Advent Day 19: Malachi and Hope

Malachi 3:1-3. “Behold, I send my messenger, and he will prepare the way before me. And the Lord whom you seek will suddenly come to his temple; and the messenger of the covenant in whom you delight, behold, he is coming, says the Lord of hosts. 2 But who can endure the day of his coming, and who can stand when he appears? For he is like a refiner’s fire and like fullers’ soap. 3 He will sit as a refiner and purifier of silver, and he will purify the sons of Levi and refine them like gold and silver, and they will bring offerings in righteousness to the Lord.

In Malachi, the last of the prophets speaks into the Advent with a message of hope. As the nation of Israel awaits their savior they will live through 400 years of silence and the hiddenness of God. Through years of oppression at the hands of nation after nation opposed to God. But Malachi has renewed the covenant promise of God. I will send my messenger, he says. And, don’t miss what God says next, he will prepare the way before ME.

Me.

The messenger will go before Yahweh himself. God himself is coming – The Lord will come to his temple. As with all the prophets, Malachi paints a picture of impending judgment and doom. It’s not pretty. Who can endure the day of his coming…who can stand when he appears?

So much for our hope. Yes, God will return, but no one can withstand the judgment of God. Can they?

But look at verse 2b and 3. The judgment of God is a refiner’s fire.

There is hope. We can survive. Not only can we survive, we can come out of the judgment better than when we went in. But how? How is this possible?

Christmas.

400 years later, John the Baptist is Malachi’s messenger. Which means Jesus is the Lord God. The one who will suddenly come to his temple. Jesus is the one who brings judgment. You can trace this through John’s gospel. Jesus Christ is God (1:1-3). John the Baptist testifies of Christ (1:6-7); who then cleanses or judges the temple (2:13-22). This is the great plot twist of history, and Malachi foresaw it – God himself is his own Messiah. Jesus Messiah is human and divine. Of course it all makes sense now. No mere human could save us. That is the reality of Advent. We are too full of darkness to save ourselves. God must do it.

The great hope of our Advent is that our coming judge is God himself. Why? Because God himself is not only our judge, but also our Savior. The One who will judge you and me has already been judged FOR you and me. The one who will judge us lives in us. He has already judged us at the cross. Therefore we are justified already. There is now therefore no condemnation for those who are in Christ Jesus. The one who will judge us has entered into his temple – your heart. Amen! This is our hope. This is the hope of “to live is Christ.”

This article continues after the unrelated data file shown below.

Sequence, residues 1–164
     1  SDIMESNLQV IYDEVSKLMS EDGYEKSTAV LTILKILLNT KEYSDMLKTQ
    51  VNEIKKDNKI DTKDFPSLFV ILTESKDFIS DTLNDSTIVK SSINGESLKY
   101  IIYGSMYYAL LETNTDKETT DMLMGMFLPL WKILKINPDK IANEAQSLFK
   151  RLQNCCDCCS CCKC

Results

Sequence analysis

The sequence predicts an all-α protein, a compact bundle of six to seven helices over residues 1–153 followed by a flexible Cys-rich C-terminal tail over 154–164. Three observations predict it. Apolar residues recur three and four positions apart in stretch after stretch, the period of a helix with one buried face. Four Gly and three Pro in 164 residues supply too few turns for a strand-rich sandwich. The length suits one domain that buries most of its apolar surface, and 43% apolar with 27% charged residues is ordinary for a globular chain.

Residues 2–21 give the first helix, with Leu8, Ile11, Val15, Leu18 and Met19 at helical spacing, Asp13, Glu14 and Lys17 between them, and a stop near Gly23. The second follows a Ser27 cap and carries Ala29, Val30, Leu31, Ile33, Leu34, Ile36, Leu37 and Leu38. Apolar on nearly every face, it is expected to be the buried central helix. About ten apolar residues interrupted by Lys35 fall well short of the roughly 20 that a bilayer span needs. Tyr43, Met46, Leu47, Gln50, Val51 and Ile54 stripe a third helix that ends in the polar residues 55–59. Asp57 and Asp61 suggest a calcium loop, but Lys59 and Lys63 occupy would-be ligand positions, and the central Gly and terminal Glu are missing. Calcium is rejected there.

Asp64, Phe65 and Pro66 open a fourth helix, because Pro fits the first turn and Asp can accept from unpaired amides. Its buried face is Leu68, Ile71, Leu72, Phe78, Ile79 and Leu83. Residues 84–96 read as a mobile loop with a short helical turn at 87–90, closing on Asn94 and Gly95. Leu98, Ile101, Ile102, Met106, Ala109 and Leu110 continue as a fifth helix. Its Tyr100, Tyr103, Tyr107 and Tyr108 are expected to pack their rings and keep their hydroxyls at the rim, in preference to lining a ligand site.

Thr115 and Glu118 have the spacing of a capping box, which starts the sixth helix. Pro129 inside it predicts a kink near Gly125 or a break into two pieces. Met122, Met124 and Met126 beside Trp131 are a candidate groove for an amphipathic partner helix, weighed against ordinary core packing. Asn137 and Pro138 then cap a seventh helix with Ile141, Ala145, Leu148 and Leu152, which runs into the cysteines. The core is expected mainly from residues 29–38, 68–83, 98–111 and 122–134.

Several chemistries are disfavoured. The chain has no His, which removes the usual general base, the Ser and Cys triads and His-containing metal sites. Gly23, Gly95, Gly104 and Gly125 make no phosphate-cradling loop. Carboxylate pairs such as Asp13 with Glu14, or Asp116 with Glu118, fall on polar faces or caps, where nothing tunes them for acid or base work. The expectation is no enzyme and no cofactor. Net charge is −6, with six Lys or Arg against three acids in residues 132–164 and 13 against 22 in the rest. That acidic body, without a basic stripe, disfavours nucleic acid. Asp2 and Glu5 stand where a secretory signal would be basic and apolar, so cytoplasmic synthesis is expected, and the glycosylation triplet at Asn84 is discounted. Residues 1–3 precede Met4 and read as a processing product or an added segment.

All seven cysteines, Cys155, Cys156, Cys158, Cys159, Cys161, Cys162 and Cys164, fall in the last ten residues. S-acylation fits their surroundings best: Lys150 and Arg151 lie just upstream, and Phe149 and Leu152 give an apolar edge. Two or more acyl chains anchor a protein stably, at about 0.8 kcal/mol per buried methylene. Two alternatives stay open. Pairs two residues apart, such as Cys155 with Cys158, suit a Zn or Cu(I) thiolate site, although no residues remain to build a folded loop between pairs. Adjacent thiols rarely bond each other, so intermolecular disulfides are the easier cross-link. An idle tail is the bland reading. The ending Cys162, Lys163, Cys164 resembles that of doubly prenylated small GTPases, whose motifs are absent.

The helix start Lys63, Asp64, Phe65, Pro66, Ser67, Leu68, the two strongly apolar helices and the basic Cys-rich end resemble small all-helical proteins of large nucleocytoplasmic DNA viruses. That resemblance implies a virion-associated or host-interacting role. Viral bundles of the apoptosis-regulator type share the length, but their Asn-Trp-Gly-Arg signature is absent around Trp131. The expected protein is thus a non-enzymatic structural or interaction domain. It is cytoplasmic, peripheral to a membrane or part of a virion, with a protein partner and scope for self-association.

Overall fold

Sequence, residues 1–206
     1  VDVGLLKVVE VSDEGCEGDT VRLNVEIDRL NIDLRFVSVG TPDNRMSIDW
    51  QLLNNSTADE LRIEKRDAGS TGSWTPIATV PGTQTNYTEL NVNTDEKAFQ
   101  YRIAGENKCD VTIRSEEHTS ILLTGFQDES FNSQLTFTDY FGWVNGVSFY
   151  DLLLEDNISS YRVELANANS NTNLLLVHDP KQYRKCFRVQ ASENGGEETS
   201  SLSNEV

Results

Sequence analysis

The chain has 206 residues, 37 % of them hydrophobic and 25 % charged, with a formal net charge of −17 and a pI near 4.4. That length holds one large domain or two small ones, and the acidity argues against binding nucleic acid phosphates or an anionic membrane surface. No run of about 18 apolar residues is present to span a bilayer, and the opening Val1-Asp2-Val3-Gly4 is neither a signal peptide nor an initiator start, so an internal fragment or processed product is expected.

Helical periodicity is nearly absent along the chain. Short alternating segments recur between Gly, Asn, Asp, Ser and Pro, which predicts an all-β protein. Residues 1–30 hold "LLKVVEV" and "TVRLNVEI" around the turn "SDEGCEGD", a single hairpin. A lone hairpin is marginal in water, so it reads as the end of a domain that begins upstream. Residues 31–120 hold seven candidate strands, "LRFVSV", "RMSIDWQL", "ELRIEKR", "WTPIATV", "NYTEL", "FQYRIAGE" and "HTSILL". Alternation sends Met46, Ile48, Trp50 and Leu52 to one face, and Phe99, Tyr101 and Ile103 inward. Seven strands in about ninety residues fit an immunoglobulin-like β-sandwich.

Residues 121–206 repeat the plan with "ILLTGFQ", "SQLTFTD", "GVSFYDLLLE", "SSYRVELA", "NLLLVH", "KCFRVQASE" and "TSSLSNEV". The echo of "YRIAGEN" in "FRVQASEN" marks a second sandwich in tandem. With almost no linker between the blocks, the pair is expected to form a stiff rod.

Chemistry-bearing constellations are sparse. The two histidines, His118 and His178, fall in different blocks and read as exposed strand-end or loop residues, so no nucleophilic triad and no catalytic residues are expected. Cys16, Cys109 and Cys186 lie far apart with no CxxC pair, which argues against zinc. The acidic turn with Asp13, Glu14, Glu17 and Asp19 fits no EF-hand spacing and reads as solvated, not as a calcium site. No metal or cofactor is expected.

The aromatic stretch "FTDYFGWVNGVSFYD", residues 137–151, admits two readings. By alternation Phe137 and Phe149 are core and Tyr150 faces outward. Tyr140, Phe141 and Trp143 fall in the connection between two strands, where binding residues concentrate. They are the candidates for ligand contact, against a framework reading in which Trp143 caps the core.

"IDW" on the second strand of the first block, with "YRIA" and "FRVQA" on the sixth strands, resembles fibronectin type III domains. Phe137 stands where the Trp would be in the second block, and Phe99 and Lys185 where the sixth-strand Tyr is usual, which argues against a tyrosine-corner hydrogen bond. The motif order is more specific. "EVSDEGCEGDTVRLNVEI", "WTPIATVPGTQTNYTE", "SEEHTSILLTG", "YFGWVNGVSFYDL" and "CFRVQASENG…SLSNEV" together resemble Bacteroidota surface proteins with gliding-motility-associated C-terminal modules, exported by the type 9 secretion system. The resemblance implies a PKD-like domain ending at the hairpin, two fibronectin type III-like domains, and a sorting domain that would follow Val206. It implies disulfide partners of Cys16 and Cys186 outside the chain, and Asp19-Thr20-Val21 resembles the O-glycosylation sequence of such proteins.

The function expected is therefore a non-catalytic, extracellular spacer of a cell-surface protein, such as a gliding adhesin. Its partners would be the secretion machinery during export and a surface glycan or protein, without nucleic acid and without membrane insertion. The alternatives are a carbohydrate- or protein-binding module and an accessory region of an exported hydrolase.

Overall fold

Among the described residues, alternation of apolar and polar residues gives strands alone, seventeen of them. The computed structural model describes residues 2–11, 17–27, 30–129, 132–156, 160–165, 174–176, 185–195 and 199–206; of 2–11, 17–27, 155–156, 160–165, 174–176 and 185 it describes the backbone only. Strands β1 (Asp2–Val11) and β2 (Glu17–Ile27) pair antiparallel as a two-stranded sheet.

Who can endure? Who can stand?

We can’t even survive family Christmas, much less the coming of the Lord.

Those who are united to Christ. Those in whom Christ lives. Jesus Christ went to Herod’s Temple, many times. As a baby to be circumcised. As a teacher to proclaim the gospel in it. As a judge to cleanse it. But Herod’s temple was never the true temple of Christ. We are. The Church. Malachi’s prophecy is fulfilled in the church. In each and every Christian’s life. The refining fire and fuller’s soap is at work by the Spirit of Christ in us, to cleanse us of all sin, and to purify us for eternity.

Now what the prophet declared can be said of us:

Malachi 3:16-17. Then those who feared the Lord spoke with one another. The Lord paid attention and heard them, and a book of remembrance was written before him of those who feared the Lord and esteemed his name.17 “They shall be mine, says the Lord of hosts, in the day when I make up my treasured possession, and I will spare them as a man spares his son who serves him. 18 Then once more you shall see the distinction between the righteous and the wicked, between one who serves God and one who does not serve him.

Is your heart the temple of the Lord? Are you a son of God who will be spared? Are you in God’s book of remembrance? How does your union with Christ help you to answer these questions?

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